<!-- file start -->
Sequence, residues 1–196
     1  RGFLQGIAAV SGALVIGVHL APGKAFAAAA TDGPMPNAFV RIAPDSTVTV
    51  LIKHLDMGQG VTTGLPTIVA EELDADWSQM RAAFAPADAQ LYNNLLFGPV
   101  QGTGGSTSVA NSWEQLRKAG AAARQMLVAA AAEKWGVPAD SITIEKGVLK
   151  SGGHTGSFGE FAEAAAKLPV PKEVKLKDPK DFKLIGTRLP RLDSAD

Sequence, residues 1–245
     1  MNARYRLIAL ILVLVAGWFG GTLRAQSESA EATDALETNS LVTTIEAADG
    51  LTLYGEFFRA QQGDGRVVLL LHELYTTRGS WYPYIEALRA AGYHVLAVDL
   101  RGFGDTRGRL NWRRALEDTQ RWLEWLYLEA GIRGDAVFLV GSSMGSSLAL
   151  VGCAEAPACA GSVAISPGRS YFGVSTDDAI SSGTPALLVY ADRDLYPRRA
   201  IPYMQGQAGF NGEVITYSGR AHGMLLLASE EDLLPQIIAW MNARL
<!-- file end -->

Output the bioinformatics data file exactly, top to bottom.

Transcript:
Sequence, residues 1–196
     1  RGFLQGIAAV SGALVIGVHL APGKAFAAAA TDGPMPNAFV RIAPDSTVTV
    51  LIKHLDMGQG VTTGLPTIVA EELDADWSQM RAAFAPADAQ LYNNLLFGPV
   101  QGTGGSTSVA NSWEQLRKAG AAARQMLVAA AAEKWGVPAD SITIEKGVLK
   151  SGGHTGSFGE FAEAAAKLPV PKEVKLKDPK DFKLIGTRLP RLDSAD

Sequence, residues 1–245
     1  MNARYRLIAL ILVLVAGWFG GTLRAQSESA EATDALETNS LVTTIEAADG
    51  LTLYGEFFRA QQGDGRVVLL LHELYTTRGS WYPYIEALRA AGYHVLAVDL
   101  RGFGDTRGRL NWRRALEDTQ RWLEWLYLEA GIRGDAVFLV GSSMGSSLAL
   151  VGCAEAPACA GSVAISPGRS YFGVSTDDAI SSGTPALLVY ADRDLYPRRA
   201  IPYMQGQAGF NGEVITYSGR AHGMLLLASE EDLLPQIIAW MNARL